SOCI 1110-04/ Charlotte Perkins Gilman

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Who is Charlotte Perkins Gilman: A Quick Overview

Charlotte Perkins Gilman, is mostly known for her work as an author and poet in the late 1800's. Writing poems, as well publishing 186 short stories in magazines and newspapers, she was an exceptional woman who pushed the boundaries and expectations of a women's role in society at that time. A leading activist in the realm of feminism, Gilman progressed into many other forms of social advocacy, the most notable being the feminist movement.

ALSO LISTED IN Sociologists
BORN ON 03 July 1860 AD
BORN IN Hartford, Connecticut
DIED ON 17 August 1935 AD
FATHER Frederic Beecher Perkins
MOTHER Mary Perkins
SIBLINGS Thomas Adie
SPOUSE/PARTNER Houghton Gilman
CHILDREN Katharine Beecher Stetson
Charlotte Perkins Gilman c. 1900

Early Life

Gilman was born on July 3, 1860 in Hartford, Connecticut . During Charlotte's infancy, her father abandoned the family, leaving them in poverty, as her mother was unable to support the family on her own. Most of her youth was spent in Providence, Rhode Island. she attended seven different schools, in just four years. Charlotte’s teachers were often disappointed in her because she was a poor student, though she had natural intelligence and breadth of knowledge. she unknowingly prepared herself for a successful life by frequently visiting the public library and educating herself. Most of her friends were male, as she was unashamed, for her time, to call herself a "tomboy”. In 1878, at 18 years old she enrolled in classes at the Rhode Island School of Design with the help of her absent father, and supported herself as an artist of trade cards. She was also a tutor, and encouraged others to expand their artistic creativity.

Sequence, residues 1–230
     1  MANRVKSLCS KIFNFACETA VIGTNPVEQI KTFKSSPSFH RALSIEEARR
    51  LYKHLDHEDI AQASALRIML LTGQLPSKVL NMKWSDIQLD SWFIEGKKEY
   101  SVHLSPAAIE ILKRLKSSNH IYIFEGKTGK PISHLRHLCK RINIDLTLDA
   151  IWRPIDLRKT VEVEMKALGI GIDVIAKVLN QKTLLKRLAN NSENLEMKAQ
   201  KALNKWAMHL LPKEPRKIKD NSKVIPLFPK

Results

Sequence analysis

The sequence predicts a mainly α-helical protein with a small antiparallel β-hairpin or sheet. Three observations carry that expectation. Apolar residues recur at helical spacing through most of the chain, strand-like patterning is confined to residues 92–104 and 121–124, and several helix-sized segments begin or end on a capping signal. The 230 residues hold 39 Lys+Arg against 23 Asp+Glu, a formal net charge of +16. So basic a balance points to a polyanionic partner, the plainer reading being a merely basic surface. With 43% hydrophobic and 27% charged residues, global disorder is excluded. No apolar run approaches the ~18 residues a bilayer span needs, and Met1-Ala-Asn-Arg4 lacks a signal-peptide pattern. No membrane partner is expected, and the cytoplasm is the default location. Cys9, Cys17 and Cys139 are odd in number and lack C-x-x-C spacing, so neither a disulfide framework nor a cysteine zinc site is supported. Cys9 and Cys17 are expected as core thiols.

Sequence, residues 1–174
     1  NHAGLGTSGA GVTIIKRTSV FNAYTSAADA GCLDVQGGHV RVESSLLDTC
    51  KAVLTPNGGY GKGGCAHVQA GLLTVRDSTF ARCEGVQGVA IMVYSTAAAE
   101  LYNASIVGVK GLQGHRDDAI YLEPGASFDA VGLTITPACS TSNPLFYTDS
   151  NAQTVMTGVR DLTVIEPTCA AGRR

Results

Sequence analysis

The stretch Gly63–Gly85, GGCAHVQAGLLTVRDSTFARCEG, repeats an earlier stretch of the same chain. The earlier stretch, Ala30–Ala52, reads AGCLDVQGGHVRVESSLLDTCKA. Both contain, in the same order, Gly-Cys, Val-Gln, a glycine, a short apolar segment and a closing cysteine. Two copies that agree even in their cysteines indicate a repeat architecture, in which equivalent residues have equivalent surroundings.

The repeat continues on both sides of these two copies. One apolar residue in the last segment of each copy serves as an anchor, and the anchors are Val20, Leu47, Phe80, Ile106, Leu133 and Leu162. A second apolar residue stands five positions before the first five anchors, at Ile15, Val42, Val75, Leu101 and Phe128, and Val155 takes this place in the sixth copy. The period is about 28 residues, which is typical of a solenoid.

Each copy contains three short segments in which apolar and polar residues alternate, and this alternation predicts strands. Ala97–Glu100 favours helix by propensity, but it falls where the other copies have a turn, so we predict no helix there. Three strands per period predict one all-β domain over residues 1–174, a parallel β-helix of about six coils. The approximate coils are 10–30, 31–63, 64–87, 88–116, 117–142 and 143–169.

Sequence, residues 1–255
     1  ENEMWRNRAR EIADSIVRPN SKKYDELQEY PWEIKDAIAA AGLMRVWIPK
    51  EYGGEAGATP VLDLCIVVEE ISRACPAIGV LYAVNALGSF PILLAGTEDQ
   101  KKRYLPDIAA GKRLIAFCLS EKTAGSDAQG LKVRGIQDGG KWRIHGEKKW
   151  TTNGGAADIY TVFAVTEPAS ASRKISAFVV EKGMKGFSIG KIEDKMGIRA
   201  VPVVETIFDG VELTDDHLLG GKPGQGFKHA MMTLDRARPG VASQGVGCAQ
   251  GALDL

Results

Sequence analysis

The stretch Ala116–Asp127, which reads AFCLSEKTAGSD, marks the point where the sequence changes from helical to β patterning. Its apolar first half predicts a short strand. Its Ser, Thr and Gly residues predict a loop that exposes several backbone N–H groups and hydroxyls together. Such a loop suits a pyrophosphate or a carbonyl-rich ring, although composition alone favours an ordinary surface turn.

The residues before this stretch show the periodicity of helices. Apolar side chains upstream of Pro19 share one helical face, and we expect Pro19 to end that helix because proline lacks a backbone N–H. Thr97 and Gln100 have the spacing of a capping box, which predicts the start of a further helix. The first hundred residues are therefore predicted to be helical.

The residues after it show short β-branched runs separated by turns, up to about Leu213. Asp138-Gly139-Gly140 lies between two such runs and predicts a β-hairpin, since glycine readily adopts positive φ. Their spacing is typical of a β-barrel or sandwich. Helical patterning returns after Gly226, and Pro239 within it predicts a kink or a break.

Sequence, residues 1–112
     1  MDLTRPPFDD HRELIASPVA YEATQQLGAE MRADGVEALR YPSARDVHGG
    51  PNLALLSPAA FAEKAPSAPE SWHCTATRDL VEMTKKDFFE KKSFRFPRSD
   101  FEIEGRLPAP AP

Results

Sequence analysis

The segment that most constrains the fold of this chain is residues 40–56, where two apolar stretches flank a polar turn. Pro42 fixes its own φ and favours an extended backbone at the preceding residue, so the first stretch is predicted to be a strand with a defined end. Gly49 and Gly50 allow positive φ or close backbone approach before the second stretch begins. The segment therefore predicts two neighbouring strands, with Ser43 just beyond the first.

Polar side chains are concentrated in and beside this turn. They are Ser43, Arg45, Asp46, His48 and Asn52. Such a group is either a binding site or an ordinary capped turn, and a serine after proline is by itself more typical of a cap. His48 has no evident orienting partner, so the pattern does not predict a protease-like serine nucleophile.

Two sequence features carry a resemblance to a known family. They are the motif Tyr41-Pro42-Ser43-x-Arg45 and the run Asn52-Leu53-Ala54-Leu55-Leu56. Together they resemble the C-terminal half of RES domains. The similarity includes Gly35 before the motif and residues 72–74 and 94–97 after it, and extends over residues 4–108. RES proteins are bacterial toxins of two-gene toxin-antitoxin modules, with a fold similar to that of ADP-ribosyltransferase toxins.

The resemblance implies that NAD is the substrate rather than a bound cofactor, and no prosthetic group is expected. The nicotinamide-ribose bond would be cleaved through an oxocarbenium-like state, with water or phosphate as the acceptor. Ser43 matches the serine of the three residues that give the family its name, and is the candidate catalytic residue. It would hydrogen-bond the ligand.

Later Life

In 1900, Gilman had married for the second time. She wed her cousin George Gilman, and the two stayed together until his death in 1934. The next year she discovered that she had inoperable breast cancer. Charlotte Perkins Gilman committed suicide on August 17, 1935.

Her Work

While she is best known for her fiction, Gilman was also a successful lecturer and intellectual. One of her greatest works of nonfiction, Women and Economics, was published in 1898. A feminist, she called for women to gain economic independence, and the work helped cement her standing as a social theorist. It was even used as a textbook at one time. Other important nonfiction works followed, such as The Home: Its Work and Influence (1903) and Does a Man Support His Wife? (1915).

Along with writing books, Charlotte Perkins Gilman established The Forerunner, a magazine that allowed her to express her ideas on women's issues and on social reform. It was published from 1909 to 1916 and included essays, opinion pieces, fiction, poetry and excerpts from novels.Gilman's most famous piece is her short story "The Yellow Wallpaper", which became a best-seller of the Feminist Press.

Her Major works:

Gilman's first book was Art Gems for the Home and Fireside (1888).